After Napster, just as many people warned, the file sharing market began to fragment and shifted to slightly more distributed operations, such as Grokster, Kazaa and Morpheus. These were a bit more difficult to work with, but all still involved company entities that had an interest in working with the entertainment industry. Once again, they were sued out of business.
After Grokster, again the market fragmented even more, and a lot of the interest shifted to BitTorrent and tracker sites. These sites were often outside of the US, and not particularly interested in working with the entertainment industry to actually set up any kind of business relationship. And, still, the industry sued to get them shut down (a process that is still ongoing), while also seeking to pass specific laws against them.
So here we are, and the market has fragmented even more and people have been driven even further underground to things like private cyberlocker sites. Hollywood is claiming that many of these sites are run by organized crime groups, though, we've yet to see any evidence to support that.
So look at the progression here. There was really one company initially, which was entirely aboveboard and open to working with the entertainment industry. At every step down the ladder -- each one pushed forward by the entertainment industry's own lawsuits and regulatory efforts -- the market becomes more fragmented and more underground, with less and less of an ability for the entertainment industry to embrace and work with them.
"Sometimes these sites look better than the legitimate sites," Huntsberry said. "That's the irony."
That's not irony, Fred, that's your company and your colleagues failing for over a decade to come up with a way to properly satisfy consumer demand.
All in all, you actually start to wonder if Hollywood has this need to make up some big scary bogeyman to keep pushing its legislative agenda of granting more and more control and taking away more and more user rights. At first it was "file sharing sites." Then those were sued out of existence. So then it was BitTorrent trackers. And now its lockers. In fact, it's amusing that as part of Huntsberry's talk he basically admitted that three strikes laws aren't enough because they don't do anything to stop these file lockers. In other words, "we fought, and are still fighting, for three strikes laws that we know are useless." It's as if the entertainment industry has to just keep pointing out some huge new threat so that the government keeps paying attention to them.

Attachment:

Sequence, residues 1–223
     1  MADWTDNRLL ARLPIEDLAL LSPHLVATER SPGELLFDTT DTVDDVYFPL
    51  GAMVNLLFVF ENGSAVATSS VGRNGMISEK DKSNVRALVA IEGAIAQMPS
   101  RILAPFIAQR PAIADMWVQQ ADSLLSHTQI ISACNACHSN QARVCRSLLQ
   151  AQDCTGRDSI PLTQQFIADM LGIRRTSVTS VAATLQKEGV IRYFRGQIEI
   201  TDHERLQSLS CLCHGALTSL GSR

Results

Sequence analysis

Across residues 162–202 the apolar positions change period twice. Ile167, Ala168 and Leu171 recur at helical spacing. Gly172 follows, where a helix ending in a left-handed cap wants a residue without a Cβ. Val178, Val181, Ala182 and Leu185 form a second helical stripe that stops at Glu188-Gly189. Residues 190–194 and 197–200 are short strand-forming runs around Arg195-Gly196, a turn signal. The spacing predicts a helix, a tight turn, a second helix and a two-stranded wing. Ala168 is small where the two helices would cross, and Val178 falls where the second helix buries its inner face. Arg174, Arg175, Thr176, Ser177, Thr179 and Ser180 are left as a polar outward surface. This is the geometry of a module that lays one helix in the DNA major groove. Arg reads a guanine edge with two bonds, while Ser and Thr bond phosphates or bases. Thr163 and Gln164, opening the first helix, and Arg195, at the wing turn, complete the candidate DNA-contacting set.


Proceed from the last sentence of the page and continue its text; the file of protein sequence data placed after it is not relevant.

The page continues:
Along those lines, techflaws.org points us to a German publication's coverage of the same Huntsberry talk, and it's interesting that The Hollywood Reporter version of the story appears to have conveniently left out the part where Huntsberry blames Google for all of this (that's a Google translation of the original). In that one, he calls Google the "biggest leech." Of course, the courts recently shot down that claim, but it looks like Viacom and its subsidiaries are sticking to the claim.
What's amazing, of course, is that if the folks at Paramount and other studios and record labels stopped looking for enemies everywhere, they would have realized there were tons of opportunities to adapt and embrace these things a decade ago. But each step of the way they've made things more difficult for themselves. It's a living case study in how not to respond to a disruptive market change.
While some of the Big 6 studios have been incredibly anti-Redbox, Viacom's Paramount has always been the most reasonable towards the DVD-rental kiosk provider. So it really comes as little surprise that Paramount has announced that, after testing delayed movie releases through Redbox it sees absolutely no reason to keep delaying such releases and instead will offer new release movies on Redbox at the same time the DVD goes on sale:
"There were two conclusions we came to," said Dennis Maguire, president of Paramount Home Entertainment. "There hasn't been a cannibalization of DVD sales from Redbox, and Redbox was allowing us to expand our business and ultimately make more money" than if the studio held back its DVDs to Redbox for a period of time.
Of course, this is exactly what many people said when studios like Warner Bros., Universal and Fox demanded the 28 day release, but it's nice to at least see Paramount actually looking at the data and realizing that Redbox isn't the evil destroyer of Hollywood that some of its competitors have made it out to be.
Ben Brown and Micki Krimmel stumbled upon the filming of Transformers 3, and from their office window, watched as cars were thrown across the air for one of the scenes. That's not something you see every day, so they broke out their cameras and filmed what they were watching. Not surprisingly, they posted their videos to YouTube to share what they had seen. Brown's blog post about witnessing the filming was filled with exuberant excitement, including the YouTube video. Except, now if you click play on that video, you get this:
Yes, it appears Paramount promptly filed a DMCA takedown -- which seems like a fantastic way to kill excitement for the movie. According to the takedown, Brown's video "matched third party content," which, of course, is impossible since Transformers 3 has yet to be finished (let alone released) and obviously Brown took the video himself. The filming took place in a public alley, so anyone around is totally free to take pictures or video and share them.